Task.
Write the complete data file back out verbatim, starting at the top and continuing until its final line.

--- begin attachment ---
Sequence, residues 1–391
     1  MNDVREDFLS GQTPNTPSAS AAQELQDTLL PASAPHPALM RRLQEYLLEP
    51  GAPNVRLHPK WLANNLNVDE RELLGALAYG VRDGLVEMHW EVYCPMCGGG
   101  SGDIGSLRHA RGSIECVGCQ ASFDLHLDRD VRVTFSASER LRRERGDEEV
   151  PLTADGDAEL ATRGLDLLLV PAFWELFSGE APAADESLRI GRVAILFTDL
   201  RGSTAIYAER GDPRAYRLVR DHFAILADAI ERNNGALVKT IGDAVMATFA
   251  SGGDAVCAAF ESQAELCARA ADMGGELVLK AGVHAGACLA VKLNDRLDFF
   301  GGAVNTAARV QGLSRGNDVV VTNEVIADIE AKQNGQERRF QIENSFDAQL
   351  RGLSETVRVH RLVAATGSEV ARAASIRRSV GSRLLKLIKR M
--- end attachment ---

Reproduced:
Sequence, residues 1–391
     1  MNDVREDFLS GQTPNTPSAS AAQELQDTLL PASAPHPALM RRLQEYLLEP
    51  GAPNVRLHPK WLANNLNVDE RELLGALAYG VRDGLVEMHW EVYCPMCGGG
   101  SGDIGSLRHA RGSIECVGCQ ASFDLHLDRD VRVTFSASER LRRERGDEEV
   151  PLTADGDAEL ATRGLDLLLV PAFWELFSGE APAADESLRI GRVAILFTDL
   201  RGSTAIYAER GDPRAYRLVR DHFAILADAI ERNNGALVKT IGDAVMATFA
   251  SGGDAVCAAF ESQAELCARA ADMGGELVLK AGVHAGACLA VKLNDRLDFF
   301  GGAVNTAARV QGLSRGNDVV VTNEVIADIE AKQNGQERRF QIENSFDAQL
   351  RGLSETVRVH RLVAATGSEV ARAASIRRSV GSRLLKLIKR M